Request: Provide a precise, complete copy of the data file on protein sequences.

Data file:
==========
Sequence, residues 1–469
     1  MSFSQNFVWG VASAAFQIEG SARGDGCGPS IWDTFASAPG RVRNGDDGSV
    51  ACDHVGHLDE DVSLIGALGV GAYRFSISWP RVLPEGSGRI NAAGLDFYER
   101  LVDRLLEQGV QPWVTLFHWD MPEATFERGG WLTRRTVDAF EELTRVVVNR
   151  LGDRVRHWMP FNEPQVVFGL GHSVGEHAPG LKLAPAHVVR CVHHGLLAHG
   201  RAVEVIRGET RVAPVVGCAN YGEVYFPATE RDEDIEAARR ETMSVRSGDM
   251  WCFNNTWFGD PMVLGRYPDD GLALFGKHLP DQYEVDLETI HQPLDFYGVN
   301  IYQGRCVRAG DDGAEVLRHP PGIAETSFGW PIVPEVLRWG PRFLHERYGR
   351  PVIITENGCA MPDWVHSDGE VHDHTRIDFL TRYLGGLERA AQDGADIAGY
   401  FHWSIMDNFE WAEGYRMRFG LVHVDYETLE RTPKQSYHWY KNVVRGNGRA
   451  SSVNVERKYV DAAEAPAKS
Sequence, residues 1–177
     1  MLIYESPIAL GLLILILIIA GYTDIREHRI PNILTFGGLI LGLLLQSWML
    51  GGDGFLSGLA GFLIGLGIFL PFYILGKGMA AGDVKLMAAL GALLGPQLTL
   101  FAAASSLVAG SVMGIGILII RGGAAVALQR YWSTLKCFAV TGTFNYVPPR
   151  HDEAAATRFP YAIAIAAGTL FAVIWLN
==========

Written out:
Sequence, residues 1–469
     1  MSFSQNFVWG VASAAFQIEG SARGDGCGPS IWDTFASAPG RVRNGDDGSV
    51  ACDHVGHLDE DVSLIGALGV GAYRFSISWP RVLPEGSGRI NAAGLDFYER
   101  LVDRLLEQGV QPWVTLFHWD MPEATFERGG WLTRRTVDAF EELTRVVVNR
   151  LGDRVRHWMP FNEPQVVFGL GHSVGEHAPG LKLAPAHVVR CVHHGLLAHG
   201  RAVEVIRGET RVAPVVGCAN YGEVYFPATE RDEDIEAARR ETMSVRSGDM
   251  WCFNNTWFGD PMVLGRYPDD GLALFGKHLP DQYEVDLETI HQPLDFYGVN
   301  IYQGRCVRAG DDGAEVLRHP PGIAETSFGW PIVPEVLRWG PRFLHERYGR
   351  PVIITENGCA MPDWVHSDGE VHDHTRIDFL TRYLGGLERA AQDGADIAGY
   401  FHWSIMDNFE WAEGYRMRFG LVHVDYETLE RTPKQSYHWY KNVVRGNGRA
   451  SSVNVERKYV DAAEAPAKS
Sequence, residues 1–177
     1  MLIYESPIAL GLLILILIIA GYTDIREHRI PNILTFGGLI LGLLLQSWML
    51  GGDGFLSGLA GFLIGLGIFL PFYILGKGMA AGDVKLMAAL GALLGPQLTL
   101  FAAASSLVAG SVMGIGILII RGGAAVALQR YWSTLKCFAV TGTFNYVPPR
   151  HDEAAATRFP YAIAIAAGTL FAVIWLN